Memo To LeBron James? Playing For The New York Knicks? Surely You Jest

By now, you've heard all the comparisons between Michael Jordan's first championship run in 1991 and LeBron James' presumed championship run happening before us now. Like MJ, LBJ presumably will win his first ring in his seventh NBA season. Like MJ, LBJ will win his first ring after securing his second MVP trophy. Like MJ, who needed Scottie Pippen to win his first ring, LBJ now has Antawn Jamison to take his first Larry O'Brien trophy home.

And so on ...

Based on this type of chatter, it's as if LBJ will win it all this year simply because MJ did so around the same time in his career. This overlooks what a splendid job Cavaliers general manager Danny Ferry has done in assembling one of the greatest rosters possible to surround LeBron with, while also shadowing what an awful job the Knicks have done to lure LeBron to the Big Apple.

Ah yes, right alongside this presumptive championship talk (by the way, count me in on the bandwagon of those thinking LeBron does - in fact - win his first ring this year), the basketball punditry world is all atwitter about where the unrestricted-free-agent-to-be will wind up after bringing Cleveland its first major sports championship since, ironically, the LBJ Administration.

The "he's staying in Cleveland!" crowd insists that if the modern era's LBJ does, in fact, bring home that title, then he'll stay to add more trophies to his shelf, building a Bulls-like dynasty in Northern Ohio.

The "he's going to New York!" crowd insists that if the title is won, it gives LBJ the perfect out to come to New York. "Hey, I've accomplished all I could in Cleveland and now I can move on to the next chapter of my life," goes the thinking among this crowd.

I'm siding firmly with the "he's staying in Cleveland!" crowd for a number of reasons often not mentioned. Consider ...

... when billionaire Dan Gilbert purchased the Cavaliers in 2005 during LeBron's sophomore season, he paid $375 million for a franchise valued at $258 million before LeBron was a rookie.  The franchise is allegedly worth $476 million today and will go up even further if LeBron stays.  There's no way a businessman as shrewd and calculating as Gilbert lets LeBron walk now. 

... speaking of shrewd and calculating, in 2009 Gilbert astutely brought in a Chinese investment team that specializes in sports marketing to purchase a 15-percent stake in the Cavaliers. On a number of occasions, LeBron has publicly stated his desires to be the biggest thing in China since the Ming Dynasty, and in theory this investment group can get him there. Simply put, when you're purchasing 15 percent of the Cavaliers you're purchasing 15 percent of LeBron James, Inc. These guys aren't letting him walk either.

... as noted above, Cavaliers GM Danny Ferry has assembled a roster that could not only win this year's NBA championship, but several more if LeBron is smart enough to stick around. And after watching Cavaliers center Shaquille O'Neal's rendition of "Jessie's Girl" alongside two bizarre puppets, is there any dispute as to who the most fun teammate in the NBA is?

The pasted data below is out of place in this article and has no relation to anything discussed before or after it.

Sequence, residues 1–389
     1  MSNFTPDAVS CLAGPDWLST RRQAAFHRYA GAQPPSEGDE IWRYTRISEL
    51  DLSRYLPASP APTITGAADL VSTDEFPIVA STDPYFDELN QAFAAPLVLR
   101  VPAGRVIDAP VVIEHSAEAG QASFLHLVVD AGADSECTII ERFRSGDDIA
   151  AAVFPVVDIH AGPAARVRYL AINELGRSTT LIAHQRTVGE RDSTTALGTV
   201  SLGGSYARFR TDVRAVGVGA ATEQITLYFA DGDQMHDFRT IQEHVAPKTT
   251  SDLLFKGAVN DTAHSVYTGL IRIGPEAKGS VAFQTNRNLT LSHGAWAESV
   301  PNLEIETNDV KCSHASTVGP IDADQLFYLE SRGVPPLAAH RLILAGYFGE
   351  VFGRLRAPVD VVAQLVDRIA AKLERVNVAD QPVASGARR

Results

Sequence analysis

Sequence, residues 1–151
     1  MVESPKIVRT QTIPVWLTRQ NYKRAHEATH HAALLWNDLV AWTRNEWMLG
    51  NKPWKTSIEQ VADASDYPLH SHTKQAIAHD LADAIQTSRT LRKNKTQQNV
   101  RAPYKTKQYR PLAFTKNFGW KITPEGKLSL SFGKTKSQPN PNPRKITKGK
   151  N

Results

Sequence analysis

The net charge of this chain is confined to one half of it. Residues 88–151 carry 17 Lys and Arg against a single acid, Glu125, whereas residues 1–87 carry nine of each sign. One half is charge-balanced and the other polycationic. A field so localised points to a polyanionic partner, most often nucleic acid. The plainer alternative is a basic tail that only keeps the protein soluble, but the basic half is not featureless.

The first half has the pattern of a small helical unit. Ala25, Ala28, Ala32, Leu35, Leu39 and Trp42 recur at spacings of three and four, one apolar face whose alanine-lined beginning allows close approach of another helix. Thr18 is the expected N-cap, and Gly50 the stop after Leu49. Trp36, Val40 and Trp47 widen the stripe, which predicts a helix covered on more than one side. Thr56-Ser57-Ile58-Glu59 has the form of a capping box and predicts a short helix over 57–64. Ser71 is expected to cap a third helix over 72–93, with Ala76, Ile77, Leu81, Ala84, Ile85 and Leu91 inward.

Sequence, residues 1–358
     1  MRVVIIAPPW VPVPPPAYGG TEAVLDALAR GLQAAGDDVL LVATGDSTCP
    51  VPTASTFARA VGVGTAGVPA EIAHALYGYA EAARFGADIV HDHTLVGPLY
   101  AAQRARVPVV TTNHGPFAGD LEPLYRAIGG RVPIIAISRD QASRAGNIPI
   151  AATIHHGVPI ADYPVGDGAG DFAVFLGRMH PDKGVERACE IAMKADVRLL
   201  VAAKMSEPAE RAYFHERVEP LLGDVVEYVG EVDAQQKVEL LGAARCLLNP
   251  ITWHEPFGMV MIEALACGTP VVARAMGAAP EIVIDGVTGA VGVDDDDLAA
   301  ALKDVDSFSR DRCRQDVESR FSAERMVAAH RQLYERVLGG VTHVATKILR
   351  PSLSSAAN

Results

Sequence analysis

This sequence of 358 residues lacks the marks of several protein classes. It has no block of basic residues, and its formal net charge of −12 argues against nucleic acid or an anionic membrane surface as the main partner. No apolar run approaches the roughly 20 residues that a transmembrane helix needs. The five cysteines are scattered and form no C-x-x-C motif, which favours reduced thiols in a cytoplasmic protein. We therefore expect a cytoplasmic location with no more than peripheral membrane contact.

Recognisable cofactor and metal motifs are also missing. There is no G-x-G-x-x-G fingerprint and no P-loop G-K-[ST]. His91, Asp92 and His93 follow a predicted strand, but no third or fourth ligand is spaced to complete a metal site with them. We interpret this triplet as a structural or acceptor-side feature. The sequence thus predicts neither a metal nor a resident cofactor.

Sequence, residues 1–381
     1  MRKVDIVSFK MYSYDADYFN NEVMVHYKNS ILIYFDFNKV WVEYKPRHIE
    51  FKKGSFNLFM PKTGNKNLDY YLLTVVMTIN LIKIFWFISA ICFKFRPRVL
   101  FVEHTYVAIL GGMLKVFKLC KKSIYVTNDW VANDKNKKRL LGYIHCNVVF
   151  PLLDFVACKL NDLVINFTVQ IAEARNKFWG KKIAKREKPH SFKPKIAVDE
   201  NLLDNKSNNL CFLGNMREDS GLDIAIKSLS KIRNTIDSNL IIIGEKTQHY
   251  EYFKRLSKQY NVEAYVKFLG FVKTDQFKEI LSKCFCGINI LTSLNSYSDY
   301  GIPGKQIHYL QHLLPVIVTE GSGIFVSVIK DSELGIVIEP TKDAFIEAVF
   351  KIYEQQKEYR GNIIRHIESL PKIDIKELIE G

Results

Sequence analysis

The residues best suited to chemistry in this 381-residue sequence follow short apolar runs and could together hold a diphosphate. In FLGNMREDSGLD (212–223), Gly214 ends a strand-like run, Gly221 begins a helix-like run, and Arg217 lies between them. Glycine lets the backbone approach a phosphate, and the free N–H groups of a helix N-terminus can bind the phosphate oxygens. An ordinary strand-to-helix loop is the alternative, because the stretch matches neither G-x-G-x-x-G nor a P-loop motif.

... in pure basketball terms, the Knicks have done a horrible job making New York a desirable place to play. Picking up after Isiah Thomas and Scott Layden's mess may be the equivalent of taking over the presidency after eight years of George W. Bush. But current Knicks president Donnie Walsh - who had no margin of error to begin with - has made a number of blunders that may have made the Knicks worse off than before. In 2008, Walsh passed over Brook Lopez and Eric Gordon in favor of Knicks coach Mike D'Antoni's Italian friend's son Danilo Gallinari. And more sinful, in 2009 Walsh passed over Brandon Jennings in favor of Jordan Hill ... whom he traded soon thereafter in the Tracy McGrady deal, which will cost the Knicks their high 2011 first-round pick and their 2012 first round pick unless they are in the top five. Throw in the fact that the Knicks don't have their own lottery pick this year (thank you, Scott Layden) and the only players guaranteed to be on their roster next season are Eddy Curry, Gallinari, Wilson Chandler and Toney Douglas. The best LeBron could do is guarantee a playoff spot.

... the 12-win, about-to-play-in-Newark Nets are a much more appealing option if LeBron bails on Cleveland. The Nets have an All-Star caliber point guard in Devin Harris, a solid center in Lopez, potentially solid role players in Terrence Williams, Courtney Lee and Chris Douglas-Roberts, and their own lottery pick plus another first-rounder. Hey, it's the same media market as New York, too.

I get that New York is a much, much more appealing place to live in than Cleveland. Just ask Joakim Noah. And being a winner in New York has to feel better than being a winner anyplace else. But given the current state of the Knicks, LeBron would be better off signing a three-year deal with the Cavaliers, win a few more rings, and see if the Knicks are worth playing for when LeBron turns 29. 

Cleveland may never forgive LeBron for bailing on them, even if he wins a ring for the long suffering sports city. But they just might forgive him if wins three.  

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